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How do Demand Generation key stakeholders from other departments change as your company grows?

7 Answers
Jessica Gilmartin
Jessica Gilmartin
Calendly Chief Marketing OfficerAugust 18

I love this question. When you’re a small company, the stakeholders are a pretty small group: You’ll work with a small number of sales reps who generally serve similar customer groups and operate using the same sales strategy. As a result, the type of demand gen work you have to do is generally pretty consistent and straightforward (not that it’s easy!).

As companies grow, customer bases expand and evolve, making Demand Generation work increasingly complex. For example, companies will begin serving additional geographies, each of which require their own programs. On top of that, sales reps will sell into new customer segments, which adds another layer of segmentation to consider. When a company shifts from private to public, we start to have conversations with even more stakeholders, including investors, analysts or perhaps your company’s board of directors.

To tackle the complexity that comes with a growing business and also evade the temptation of doing everything, prioritize the programs that are the most scalable and will help make the company most successful as a whole. Communication is also essential: The big thing I teach my team is to never say no to sales (it feels draining and demoralizing to always say no, since we all know sales is always clamoring for more support). Instead, say yes AND agree on which program you will deprioritize as a result of adding the newly requested one. In other words, make program prioritization a shared responsibility. As a marketer, our job is to work with sales and understand which programs we can jointly drive to make an impact together.

3070 Views
Tamara Niesen
Tamara Niesen
WooCommerce CMODecember 5

There are more of them! Identified stakeholders, approvers, owners need to be clear, and having a consistent framework to work allows for better documentation, tracking, alignment which in turn would ideally ensure projects are aligned to greater company goals and priorities. Identifying who should be involved right at the ideation stage makes this a lot easier. I.e. if it’s a product launch, product teams should be identified and brought in early to the project. Sometimes you learn this by making mistakes- iterating on your launch, campaign or go to market framework in process comes with time (and more data points).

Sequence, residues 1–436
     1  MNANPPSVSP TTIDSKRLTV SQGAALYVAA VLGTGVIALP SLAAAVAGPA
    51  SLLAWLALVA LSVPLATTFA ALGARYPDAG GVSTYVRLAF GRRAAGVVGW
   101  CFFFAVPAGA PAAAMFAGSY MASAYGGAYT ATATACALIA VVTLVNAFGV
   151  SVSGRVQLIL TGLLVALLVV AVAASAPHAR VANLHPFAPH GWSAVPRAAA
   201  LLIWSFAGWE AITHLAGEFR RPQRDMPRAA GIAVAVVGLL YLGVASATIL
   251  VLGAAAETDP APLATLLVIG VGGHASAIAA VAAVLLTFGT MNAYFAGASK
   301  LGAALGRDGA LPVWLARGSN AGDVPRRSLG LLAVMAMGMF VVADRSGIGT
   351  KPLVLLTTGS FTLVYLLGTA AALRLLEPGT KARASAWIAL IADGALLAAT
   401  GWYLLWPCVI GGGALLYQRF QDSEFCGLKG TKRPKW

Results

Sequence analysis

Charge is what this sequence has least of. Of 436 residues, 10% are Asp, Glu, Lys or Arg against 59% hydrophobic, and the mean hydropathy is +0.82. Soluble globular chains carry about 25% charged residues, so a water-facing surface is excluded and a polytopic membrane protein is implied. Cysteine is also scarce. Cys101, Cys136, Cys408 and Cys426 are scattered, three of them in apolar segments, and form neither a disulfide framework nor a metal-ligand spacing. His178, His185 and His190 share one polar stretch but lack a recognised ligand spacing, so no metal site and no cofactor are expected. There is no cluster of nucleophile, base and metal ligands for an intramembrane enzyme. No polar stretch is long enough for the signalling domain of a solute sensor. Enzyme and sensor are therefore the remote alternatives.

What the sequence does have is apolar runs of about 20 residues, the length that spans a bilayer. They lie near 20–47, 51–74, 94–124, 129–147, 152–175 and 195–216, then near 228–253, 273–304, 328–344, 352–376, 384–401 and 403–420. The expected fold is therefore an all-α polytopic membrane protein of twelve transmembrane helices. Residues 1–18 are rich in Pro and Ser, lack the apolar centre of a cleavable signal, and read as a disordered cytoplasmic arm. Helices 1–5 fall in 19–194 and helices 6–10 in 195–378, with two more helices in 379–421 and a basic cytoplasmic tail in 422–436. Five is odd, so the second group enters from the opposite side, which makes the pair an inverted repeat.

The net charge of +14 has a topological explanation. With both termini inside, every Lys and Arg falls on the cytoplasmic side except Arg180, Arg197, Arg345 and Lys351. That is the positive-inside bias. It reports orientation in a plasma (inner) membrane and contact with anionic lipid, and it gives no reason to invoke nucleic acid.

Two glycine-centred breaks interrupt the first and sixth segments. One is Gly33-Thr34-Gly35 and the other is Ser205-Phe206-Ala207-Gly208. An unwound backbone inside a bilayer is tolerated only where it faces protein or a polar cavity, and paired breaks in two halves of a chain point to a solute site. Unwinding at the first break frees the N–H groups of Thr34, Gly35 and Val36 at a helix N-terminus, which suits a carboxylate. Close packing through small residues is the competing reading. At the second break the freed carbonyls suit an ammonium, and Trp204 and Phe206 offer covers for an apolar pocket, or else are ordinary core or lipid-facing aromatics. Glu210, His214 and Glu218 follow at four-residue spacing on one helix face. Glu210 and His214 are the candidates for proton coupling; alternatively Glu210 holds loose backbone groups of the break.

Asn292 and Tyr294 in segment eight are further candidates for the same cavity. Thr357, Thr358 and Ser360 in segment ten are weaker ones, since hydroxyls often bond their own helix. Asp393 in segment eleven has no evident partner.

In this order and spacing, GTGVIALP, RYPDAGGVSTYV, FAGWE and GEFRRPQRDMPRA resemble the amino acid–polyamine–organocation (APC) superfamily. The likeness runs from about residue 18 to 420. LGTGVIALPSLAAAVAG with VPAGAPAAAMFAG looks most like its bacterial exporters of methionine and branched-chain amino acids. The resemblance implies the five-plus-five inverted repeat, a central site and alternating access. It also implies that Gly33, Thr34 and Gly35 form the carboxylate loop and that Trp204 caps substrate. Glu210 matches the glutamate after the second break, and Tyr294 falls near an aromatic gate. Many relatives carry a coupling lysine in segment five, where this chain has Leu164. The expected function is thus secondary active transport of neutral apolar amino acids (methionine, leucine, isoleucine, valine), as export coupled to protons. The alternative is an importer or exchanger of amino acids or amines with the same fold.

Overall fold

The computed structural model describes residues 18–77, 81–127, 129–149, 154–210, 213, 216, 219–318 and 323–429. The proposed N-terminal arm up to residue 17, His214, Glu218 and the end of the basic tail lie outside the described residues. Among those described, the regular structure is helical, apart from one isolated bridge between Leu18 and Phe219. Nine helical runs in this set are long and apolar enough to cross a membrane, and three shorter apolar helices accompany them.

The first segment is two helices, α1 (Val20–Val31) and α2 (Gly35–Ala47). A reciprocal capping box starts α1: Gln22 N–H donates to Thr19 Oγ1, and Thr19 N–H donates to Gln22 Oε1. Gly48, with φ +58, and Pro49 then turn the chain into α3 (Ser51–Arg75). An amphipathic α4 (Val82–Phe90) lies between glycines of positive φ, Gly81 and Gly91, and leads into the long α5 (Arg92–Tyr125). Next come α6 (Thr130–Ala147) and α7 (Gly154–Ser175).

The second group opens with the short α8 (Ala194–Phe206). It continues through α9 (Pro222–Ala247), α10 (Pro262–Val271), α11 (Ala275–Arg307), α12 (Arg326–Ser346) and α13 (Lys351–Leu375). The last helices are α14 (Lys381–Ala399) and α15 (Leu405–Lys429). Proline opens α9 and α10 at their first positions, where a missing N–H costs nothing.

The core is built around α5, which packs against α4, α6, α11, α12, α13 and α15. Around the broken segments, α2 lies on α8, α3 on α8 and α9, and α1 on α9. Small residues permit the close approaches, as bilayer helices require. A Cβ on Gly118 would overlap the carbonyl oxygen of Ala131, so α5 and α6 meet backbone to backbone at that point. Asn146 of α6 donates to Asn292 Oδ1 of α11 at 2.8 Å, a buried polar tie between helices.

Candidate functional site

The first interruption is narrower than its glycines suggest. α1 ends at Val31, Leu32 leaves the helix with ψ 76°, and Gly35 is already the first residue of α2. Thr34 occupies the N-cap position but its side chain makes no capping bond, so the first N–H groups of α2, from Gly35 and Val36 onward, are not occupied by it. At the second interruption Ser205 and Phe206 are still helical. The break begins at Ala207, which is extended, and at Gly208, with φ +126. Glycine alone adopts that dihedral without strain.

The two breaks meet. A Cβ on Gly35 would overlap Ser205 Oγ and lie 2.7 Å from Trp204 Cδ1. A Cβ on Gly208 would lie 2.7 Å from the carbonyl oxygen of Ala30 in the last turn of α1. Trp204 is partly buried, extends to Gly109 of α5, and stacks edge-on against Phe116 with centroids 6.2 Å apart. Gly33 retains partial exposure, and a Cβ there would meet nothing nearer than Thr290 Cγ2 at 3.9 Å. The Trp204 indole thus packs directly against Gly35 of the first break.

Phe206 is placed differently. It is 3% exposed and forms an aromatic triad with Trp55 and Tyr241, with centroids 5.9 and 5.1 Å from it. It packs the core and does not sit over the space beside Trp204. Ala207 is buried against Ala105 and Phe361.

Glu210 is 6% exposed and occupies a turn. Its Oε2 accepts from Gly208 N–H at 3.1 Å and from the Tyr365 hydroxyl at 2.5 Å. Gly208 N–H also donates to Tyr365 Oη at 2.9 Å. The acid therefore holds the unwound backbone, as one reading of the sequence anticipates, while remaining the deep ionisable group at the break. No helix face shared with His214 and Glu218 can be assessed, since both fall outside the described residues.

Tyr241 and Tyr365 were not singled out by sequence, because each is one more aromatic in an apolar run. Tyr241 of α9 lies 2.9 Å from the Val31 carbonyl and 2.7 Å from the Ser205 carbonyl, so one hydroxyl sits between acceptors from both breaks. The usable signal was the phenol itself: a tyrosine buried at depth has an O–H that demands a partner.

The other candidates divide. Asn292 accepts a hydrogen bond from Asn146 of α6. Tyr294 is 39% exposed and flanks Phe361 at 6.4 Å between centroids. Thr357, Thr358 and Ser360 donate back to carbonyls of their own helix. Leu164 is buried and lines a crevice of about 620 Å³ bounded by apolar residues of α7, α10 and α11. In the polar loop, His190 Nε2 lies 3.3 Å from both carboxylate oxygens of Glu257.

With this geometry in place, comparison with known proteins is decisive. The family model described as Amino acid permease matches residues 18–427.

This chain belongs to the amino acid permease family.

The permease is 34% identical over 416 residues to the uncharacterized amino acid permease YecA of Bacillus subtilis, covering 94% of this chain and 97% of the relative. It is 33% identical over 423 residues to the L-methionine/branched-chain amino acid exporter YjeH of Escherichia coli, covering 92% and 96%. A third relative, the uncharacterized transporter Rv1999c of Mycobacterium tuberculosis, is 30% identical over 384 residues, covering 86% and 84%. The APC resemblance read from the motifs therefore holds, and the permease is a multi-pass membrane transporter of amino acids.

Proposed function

499 Views
Erika Barbosa
Erika Barbosa
Counterpart Marketing LeadFebruary 22

The key stakeholders from other departments change due to the needs of the business changing. The swimlanes for demand generation typically become more defined. There are more processes and procedures in place based on what you manage. You’ll probably find that you go from wearing many hats with less clarity on your stakeholders to a more narrow focus with clearly defined stakeholders.

Fast forward from a startup environment to an SMB or enterprise and the only constant is change. You may go from working directly with the CEO as a stakeholder to working with procurement and finance teams. You may find that a performance readout happens in a weekly standup to a QBR with various teams from around the world participating.

With growth comes complexity, new markets and challenges with data. All of this may need to be navigated with new team structures. And with all of these shifts come new stakeholders or people who you’ll need to collaborate with and inform.

410 Views
Erika Barbosa
Erika Barbosa
Counterpart Marketing LeadJune 1

The key stakeholders from other departments change due to the needs of the business changing. The swimlanes for demand generation typically become more defined. There are more processes and procedures in place based on what you manage. You’ll probably find that you go from wearing many hats with less clarity on your stakeholders to a more narrow focus with clearly defined stakeholders.

Fast forward from a startup environment to an SMB or enterprise and the only constant is change. You may go from working directly with the CEO as a stakeholder to working with procurement and finance teams. You may find that a performance readout happens in a weekly standup to a QBR with various teams from around the world participating.

With growth comes complexity, new markets and challenges with data. All of this may need to be navigated with new team structures. And with all of these shifts come new stakeholders or people who you’ll need to collaborate with and inform.

397 Views
Katie Jane Parkes
Katie Jane Parkes
Nexus Communications VP of CreativeOctober 3

This question is very difficult to answer as it depends on the context and make up of each company and where they've chosen to invest resources depending on business needs.